If i have to, i may just cut down and fit a couple of 2x4's out the back scuppers, lag screw them to the deck, and go across the protruding ends with a cross peice of 2x'8", then mount the bracket to the correct height off of that.

    I'd rather not drill any mounting holes into the hull if i can help it, but the deck and rails i am not worried about, as they are going to be redone in the spring when i install new fuel tanks.
     
  6. daiquiri
    Joined: May 2004
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    Location: Italy (Garda Lake) and Croatia (Istria)

    daiquiri Engineering and Design

  7. daiquiri
    Joined: May 2004
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    Location: Italy (Garda Lake) and Croatia (Istria)

    daiquiri Engineering and Design

    Ok, here's my 2 cents worth, if someone comes with a simpler idea, so much better...

    One possible solution - a removable transom bracket, made of either wood or (better, imo) of welded steel (or aluminum) pipes. The pipes can be either bent into the desired form, or it can be made of welded straight sections.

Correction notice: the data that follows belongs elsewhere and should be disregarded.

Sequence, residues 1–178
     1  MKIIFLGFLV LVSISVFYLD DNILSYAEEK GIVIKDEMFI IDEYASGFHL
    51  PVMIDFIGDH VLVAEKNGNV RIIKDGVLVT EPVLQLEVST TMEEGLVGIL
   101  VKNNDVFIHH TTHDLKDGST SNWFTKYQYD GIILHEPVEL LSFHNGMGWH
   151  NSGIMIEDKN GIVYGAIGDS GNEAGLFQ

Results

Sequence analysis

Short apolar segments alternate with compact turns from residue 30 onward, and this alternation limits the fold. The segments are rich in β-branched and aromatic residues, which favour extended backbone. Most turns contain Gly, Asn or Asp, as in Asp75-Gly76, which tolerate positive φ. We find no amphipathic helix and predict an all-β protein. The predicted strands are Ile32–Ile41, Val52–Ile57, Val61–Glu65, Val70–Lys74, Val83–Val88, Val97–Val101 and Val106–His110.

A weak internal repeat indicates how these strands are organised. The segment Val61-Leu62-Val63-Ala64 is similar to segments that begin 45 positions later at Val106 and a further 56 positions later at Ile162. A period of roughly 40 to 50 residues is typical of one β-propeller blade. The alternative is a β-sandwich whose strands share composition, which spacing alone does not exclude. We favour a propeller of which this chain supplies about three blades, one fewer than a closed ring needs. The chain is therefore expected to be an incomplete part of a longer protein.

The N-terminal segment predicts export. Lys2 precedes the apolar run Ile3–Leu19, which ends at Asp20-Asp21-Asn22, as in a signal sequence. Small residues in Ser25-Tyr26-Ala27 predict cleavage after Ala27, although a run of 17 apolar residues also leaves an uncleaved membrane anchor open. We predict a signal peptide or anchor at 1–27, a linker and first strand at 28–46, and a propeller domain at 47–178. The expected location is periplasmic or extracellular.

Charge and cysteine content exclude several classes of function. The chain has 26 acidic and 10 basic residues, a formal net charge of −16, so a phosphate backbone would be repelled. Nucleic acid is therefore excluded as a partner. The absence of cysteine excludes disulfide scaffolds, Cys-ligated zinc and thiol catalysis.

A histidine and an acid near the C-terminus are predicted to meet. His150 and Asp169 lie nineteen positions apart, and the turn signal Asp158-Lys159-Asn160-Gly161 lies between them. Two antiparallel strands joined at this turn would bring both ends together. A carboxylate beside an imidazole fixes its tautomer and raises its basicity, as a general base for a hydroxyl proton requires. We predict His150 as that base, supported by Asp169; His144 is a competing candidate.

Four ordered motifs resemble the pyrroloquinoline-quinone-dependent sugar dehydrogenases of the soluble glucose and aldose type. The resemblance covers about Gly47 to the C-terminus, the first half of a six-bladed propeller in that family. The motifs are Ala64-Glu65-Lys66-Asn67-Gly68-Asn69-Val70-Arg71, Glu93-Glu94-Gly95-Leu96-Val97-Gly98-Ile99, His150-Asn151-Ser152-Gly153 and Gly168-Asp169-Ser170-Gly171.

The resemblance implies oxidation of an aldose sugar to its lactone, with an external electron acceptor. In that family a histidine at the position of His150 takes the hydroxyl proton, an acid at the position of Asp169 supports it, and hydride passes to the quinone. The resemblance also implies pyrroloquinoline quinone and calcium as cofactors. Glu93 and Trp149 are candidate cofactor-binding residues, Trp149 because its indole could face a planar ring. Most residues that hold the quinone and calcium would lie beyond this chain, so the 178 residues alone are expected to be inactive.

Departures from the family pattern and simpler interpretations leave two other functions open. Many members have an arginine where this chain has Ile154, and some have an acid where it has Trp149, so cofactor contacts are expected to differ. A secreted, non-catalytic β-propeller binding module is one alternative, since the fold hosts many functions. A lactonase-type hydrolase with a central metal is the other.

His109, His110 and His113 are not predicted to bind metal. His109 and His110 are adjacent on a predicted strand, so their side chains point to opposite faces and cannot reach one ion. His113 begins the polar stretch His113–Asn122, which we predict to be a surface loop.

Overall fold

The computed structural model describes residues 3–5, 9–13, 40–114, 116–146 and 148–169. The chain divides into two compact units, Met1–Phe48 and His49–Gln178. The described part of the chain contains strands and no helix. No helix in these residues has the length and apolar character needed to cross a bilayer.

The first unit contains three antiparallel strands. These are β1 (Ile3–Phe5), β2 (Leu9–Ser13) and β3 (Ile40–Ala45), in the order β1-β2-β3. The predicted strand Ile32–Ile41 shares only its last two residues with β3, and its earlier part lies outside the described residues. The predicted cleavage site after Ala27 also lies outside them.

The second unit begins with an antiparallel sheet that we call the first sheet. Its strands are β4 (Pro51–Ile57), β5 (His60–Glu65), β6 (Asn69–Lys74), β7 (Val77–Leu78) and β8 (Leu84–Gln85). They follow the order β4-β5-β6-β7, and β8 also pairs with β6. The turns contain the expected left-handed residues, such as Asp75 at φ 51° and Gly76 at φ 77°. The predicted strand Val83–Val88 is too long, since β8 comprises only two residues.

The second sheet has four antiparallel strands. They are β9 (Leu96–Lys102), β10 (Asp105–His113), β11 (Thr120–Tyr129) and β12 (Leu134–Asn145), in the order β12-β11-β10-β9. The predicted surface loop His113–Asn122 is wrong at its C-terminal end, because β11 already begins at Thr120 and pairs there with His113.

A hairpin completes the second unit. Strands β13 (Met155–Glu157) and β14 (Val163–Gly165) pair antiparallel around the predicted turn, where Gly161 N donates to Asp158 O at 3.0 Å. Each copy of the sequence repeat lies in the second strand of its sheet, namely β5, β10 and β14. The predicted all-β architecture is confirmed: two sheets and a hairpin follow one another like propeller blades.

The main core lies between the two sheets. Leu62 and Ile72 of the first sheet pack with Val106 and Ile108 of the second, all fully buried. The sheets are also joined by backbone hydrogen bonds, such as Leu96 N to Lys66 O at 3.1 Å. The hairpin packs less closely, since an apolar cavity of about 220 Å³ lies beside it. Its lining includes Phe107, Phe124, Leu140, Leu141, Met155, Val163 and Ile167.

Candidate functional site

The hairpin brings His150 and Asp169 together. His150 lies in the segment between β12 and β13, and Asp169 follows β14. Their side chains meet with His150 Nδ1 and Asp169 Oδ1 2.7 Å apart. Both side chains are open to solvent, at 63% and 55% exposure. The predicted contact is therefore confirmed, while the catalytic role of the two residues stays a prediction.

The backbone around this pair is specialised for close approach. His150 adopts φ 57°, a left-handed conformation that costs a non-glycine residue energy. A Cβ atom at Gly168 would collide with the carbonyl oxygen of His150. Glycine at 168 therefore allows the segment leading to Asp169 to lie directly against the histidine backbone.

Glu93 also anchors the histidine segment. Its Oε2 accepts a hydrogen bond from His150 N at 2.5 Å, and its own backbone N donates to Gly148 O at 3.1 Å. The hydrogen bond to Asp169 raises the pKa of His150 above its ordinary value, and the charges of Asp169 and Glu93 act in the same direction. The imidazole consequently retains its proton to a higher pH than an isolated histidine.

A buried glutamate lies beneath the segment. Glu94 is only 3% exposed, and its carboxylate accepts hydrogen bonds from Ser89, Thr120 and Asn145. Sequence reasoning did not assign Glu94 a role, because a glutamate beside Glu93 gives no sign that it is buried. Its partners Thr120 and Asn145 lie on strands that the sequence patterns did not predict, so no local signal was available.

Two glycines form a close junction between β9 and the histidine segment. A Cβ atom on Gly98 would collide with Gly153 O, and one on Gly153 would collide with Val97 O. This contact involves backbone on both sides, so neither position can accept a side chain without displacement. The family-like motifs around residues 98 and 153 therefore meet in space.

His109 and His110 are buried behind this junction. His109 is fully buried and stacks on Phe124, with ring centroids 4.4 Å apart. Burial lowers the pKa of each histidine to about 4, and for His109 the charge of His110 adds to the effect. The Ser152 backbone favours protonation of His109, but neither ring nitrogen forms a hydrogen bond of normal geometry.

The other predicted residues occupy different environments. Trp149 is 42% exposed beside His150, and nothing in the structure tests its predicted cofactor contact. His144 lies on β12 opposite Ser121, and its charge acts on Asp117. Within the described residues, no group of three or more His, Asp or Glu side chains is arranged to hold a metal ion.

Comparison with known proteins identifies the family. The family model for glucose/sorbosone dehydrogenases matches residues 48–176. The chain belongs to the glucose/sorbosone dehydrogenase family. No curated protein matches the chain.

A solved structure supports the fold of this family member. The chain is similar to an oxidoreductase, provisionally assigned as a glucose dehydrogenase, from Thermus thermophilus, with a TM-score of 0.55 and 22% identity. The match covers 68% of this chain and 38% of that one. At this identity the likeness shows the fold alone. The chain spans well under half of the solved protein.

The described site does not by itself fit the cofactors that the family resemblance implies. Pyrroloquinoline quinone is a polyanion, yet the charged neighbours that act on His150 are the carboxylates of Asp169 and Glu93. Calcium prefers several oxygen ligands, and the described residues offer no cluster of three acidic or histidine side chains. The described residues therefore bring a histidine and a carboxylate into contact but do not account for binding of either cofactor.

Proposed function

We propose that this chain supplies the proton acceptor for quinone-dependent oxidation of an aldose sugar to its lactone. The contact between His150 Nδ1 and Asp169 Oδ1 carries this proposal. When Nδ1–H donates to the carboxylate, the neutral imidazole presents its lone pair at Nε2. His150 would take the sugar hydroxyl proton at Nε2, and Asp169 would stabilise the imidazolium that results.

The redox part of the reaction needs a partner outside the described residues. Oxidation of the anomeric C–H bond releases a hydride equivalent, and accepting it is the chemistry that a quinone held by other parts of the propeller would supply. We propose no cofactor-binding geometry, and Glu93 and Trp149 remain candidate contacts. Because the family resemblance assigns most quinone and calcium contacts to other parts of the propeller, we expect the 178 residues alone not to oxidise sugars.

It will be held in place by the gravity and reaction forces, no permanent fixing necessary, imo. Rubber caps and band are important, to ensure a good friction with the transom plate and to protect the hull paint from scratches and wear.

    I have not included any dimensions because I don't have the necessary dimensions of your boat. But I have drawn the direction of the forces involved with forward thrust. Since it is not a particularly demanding piece and forces involved are modest, any artisan will be able to manufacture it just from this rough sketch, by seeing the direction of the forces and by measuring the transom and engine dimensions.

    Two things to watch out:
    - not suitable for reverse thrust
    - depending on the height of the installation, the thrust lever might be difficult to handle.